We wanted to know how far users should overclock a modern Core i7 system before the main disadvantage of overclocking—high power consumption and processor overheating—would outweigh the benefits of higher performance, by reducing the performance per watt results. What we found was not too surprising.
Hardcore Overclocking is Not Practical
The 4.0 GHz setting came out as pretty much useless for anyone who remotely cares about heat dissipation and especially power consumption. Efficiency, measured in performance per watt-hour as used in the PCMark Vantage benchmark, even decreased by 17%, while all other overclocks increased in power efficiency. The benchmark required 50% more total and also average power than the 2.66 GHz default speed. The 95% increase in peak power would still appear somewhat acceptable for enthusiasts, but the 36% increase when idle is not, as this is the minimum power the system will require at any time it is running.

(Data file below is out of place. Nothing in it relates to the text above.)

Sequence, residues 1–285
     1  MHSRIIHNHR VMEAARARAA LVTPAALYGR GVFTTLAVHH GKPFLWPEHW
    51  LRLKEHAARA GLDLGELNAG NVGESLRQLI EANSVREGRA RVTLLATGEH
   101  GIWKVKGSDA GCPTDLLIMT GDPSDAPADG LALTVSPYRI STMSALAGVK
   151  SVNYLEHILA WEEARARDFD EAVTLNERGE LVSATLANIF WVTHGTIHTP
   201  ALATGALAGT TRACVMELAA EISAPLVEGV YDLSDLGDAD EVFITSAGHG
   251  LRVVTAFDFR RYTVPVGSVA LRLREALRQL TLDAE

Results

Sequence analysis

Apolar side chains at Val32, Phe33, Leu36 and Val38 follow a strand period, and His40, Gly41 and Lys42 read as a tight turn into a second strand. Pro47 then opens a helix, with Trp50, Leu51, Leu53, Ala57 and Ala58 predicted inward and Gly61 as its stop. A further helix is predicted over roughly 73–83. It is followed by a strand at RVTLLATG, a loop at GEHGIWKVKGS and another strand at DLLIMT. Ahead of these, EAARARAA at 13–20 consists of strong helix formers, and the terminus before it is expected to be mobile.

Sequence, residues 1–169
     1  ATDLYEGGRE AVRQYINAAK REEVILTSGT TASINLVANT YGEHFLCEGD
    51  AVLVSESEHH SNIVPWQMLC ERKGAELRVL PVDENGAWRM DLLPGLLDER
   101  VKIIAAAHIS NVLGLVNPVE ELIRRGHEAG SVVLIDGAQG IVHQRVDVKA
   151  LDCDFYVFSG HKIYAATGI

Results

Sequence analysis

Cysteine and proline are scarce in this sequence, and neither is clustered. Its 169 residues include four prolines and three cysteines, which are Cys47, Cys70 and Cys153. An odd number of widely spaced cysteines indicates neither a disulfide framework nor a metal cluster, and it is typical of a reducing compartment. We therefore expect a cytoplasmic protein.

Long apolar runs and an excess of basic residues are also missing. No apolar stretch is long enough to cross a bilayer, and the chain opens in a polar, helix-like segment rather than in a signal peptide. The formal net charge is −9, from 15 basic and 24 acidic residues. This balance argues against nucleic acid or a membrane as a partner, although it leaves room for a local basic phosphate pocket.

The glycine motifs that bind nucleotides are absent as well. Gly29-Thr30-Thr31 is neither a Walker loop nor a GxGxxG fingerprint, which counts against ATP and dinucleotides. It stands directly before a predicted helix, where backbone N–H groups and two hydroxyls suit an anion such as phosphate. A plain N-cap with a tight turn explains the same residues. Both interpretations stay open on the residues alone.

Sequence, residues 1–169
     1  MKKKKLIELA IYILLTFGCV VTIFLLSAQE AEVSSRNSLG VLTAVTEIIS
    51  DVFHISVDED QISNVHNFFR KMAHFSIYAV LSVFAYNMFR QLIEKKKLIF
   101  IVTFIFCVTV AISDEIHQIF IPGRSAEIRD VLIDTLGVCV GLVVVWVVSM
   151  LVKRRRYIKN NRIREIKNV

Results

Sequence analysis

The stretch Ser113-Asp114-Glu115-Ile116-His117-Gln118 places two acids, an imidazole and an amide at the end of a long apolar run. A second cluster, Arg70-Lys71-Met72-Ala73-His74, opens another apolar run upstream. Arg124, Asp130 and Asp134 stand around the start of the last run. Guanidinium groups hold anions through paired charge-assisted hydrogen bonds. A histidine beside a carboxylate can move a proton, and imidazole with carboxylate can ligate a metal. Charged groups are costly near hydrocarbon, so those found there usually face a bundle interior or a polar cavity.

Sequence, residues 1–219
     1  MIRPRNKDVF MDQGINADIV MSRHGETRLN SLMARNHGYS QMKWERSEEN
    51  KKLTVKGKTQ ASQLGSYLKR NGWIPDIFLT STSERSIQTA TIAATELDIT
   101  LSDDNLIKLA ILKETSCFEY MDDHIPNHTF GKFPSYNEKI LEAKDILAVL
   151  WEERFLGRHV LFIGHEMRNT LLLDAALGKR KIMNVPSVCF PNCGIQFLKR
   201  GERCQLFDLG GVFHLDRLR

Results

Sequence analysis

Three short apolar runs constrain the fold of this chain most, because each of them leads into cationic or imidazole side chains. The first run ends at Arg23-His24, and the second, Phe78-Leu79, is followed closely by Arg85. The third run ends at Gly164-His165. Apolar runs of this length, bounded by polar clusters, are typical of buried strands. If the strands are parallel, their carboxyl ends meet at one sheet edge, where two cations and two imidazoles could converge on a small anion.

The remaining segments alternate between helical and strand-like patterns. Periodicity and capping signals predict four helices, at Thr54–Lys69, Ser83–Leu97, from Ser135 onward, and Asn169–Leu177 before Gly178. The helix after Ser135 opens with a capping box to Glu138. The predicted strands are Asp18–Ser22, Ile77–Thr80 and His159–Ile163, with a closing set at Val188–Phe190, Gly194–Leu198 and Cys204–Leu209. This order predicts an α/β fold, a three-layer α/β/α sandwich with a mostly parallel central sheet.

Stay Reasonable for Best Results
In the case of the Core i7 920, the best setting was 3.66 GHz—at this level, the CPU delivered a massive performance boost when compared to the 2.66 GHz stock speed, while still not introducing excessive power consumption. We found that the 3.33 GHz setting makes even more sense for average users, as virtually any X58 platform for Core i7 allows the user to easily overclock the Core i7 920 from 2.66 to 3.33 GHz by increasing the system clock speed from 133 MHz to 166 MHz. You can even keep the Core i7 Turbo Mode, which accelerates an individual core by up to two multiplier increments at peak single thread load.
- Does it Make Sense To Go for Maximum Performance?
- Hardware: Core i7 920, Asus X58, Corsair DDR3
- Overclocking Choices And Details
- From 2.66 To 4.0 GHz
- Test System
- Benchmark Results: Games
- Benchmark Results: PCMark & 3DMark Vantage
- Benchmark Results: Applications
- Benchmark Results: Audio/Video
- Idle/Peak Power Consumption Analysis
- Average And Total Power During PCMark
- Efficiency Results